“As Pope Francis says with these egregious crimes (child abuse), we’ve put service on its head.” Archbishop Charles Scicluna’s comment was an answer to a question by Tom Roberts the Executive Editor of the National Catholic Reporter.
The interview followed Archbishop Scicluna’s participation in a panel organised Feb 28-29 by the Leadership Roundtable held in Washington.
The Archbishop’s contribution to the panel of experts was one of his international commitments which were not axed because of the coronavirus crisis. His visits to China the Philippines, Mexico were all cancelled. In China, Scicluna was planned to give a week-long training to Church leaders, while in the Philippines he was asked to address the bishops of that country about child abuse. The Archbishop had been tasked by Pope Francis to go to Mexico to investigate cases of child abuse in that country.
Roberts described Archbishop Charles Scicluna as “a widely considered one of the most significant forces in revealing the truth of the sex abuse crisis.”
“People need to confront reality”
Scicluna said that “people need to confront reality with an immense sense of humility and the truth.” While noting that since 2002 progress was registered in the church in the United States he added that “it is also important that leadership examine themselves and also learn from the mistakes of others and from the mistakes of the past. That requires a lot of humility and also facing facts as they are.”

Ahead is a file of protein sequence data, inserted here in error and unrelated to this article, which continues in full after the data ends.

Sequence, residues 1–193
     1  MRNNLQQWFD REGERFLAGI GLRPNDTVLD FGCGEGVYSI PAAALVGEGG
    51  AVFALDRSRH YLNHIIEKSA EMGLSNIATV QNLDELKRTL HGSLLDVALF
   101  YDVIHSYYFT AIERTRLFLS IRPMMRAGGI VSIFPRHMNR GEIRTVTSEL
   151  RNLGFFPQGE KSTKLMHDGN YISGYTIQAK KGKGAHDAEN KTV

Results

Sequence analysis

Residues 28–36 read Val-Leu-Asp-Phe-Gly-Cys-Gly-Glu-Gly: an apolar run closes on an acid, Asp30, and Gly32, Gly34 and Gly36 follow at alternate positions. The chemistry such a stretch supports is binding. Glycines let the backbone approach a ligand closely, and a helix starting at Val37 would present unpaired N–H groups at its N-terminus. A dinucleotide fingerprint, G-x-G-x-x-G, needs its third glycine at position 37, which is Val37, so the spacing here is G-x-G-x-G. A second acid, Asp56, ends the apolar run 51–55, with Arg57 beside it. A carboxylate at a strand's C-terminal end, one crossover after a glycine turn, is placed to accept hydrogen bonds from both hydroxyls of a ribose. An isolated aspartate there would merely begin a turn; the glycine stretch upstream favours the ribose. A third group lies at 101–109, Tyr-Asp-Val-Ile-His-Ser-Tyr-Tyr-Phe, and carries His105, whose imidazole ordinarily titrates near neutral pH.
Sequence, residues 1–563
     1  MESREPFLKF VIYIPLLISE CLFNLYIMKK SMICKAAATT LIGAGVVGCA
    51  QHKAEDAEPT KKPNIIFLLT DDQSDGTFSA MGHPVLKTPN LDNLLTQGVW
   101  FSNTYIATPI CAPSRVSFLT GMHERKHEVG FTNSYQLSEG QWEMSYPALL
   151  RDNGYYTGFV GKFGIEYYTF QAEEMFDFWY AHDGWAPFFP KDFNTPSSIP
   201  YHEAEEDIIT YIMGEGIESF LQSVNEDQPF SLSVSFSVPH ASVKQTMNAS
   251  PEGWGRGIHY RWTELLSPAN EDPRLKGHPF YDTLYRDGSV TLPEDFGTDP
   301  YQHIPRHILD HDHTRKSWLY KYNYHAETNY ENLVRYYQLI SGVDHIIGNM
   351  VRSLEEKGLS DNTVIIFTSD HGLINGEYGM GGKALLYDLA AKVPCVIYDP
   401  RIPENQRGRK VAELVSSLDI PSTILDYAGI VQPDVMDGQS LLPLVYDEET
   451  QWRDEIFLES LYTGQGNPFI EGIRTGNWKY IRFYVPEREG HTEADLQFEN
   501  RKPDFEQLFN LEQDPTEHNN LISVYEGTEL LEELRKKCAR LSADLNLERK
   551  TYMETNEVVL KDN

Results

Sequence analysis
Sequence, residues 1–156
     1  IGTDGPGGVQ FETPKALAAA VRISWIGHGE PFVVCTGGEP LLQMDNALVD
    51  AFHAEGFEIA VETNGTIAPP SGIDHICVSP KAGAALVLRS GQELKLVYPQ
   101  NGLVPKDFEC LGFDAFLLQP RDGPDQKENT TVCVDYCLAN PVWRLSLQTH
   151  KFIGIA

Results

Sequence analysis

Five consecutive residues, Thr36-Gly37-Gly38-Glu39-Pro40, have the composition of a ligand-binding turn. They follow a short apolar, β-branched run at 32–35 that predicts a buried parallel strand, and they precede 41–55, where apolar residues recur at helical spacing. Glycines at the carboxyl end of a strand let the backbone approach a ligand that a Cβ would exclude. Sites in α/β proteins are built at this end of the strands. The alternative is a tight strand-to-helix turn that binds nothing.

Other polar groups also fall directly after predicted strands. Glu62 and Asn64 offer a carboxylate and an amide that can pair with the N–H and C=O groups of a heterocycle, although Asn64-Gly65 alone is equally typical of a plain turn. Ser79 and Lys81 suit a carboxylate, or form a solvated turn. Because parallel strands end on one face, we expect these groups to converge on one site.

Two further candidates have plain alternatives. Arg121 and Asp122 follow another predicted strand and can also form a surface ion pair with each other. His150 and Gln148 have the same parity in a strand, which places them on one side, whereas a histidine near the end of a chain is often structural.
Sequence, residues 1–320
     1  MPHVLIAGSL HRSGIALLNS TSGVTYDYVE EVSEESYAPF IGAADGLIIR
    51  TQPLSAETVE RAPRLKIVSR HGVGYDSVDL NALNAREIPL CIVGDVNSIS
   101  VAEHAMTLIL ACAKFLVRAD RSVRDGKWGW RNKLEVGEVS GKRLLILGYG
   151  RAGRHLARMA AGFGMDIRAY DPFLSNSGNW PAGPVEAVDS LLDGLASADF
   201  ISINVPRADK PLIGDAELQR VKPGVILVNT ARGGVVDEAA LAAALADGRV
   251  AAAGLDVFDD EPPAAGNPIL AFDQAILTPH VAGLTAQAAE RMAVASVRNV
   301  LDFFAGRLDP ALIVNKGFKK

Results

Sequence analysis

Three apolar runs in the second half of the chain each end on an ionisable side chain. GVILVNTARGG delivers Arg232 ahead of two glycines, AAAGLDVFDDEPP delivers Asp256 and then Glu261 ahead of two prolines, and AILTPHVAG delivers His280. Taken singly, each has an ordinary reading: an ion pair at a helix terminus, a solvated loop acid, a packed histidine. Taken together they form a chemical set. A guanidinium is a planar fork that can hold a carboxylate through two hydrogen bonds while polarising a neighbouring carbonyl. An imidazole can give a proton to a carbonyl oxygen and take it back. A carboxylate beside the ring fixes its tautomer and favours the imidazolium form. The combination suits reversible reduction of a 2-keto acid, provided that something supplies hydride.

He told National Catholic Reporter that the leadership of the Church “should own up to past mistakes, even of other people in leadership, since they need to communicate their commitment not to repeat the mistakes of the past.”
“Abuse of sacred power”
Archbishop Scicluna the sexual abuse of minors and vulnerable people in the Church as abuse of sacred power which for him is different from the abuse of power or trust in other instances or institutions.
He explained that in the Church “we have a leadership that is based on sacred power and the tragedy is when this sacred power is not lived according to the gospel of Jesus Christ.”
He added that “people trust the shepherds because of the sacred power, of the fact that they preside over the most sacred moments of the life of the church. …. And so, people trust their shepherds and that trust is a sacred trust. The betrayal of that trust is on a level which is not only physical and psychological, it is also spiritual.”
“Privilege to serve Jesus Christ”
Roberts asked Archbishop Scicluna whether or not he asks himself how he found himself doing this work against abuse.
Roberts wrote that Scicluna tossed back his head and laughed so hard he turned red. He paused, then answered.
“At the end of the day, it’s a privilege to serve Jesus Christ crucified in so many people and to love his spouse as she is, not as I want it to be.”
(The full interview can be accessed here)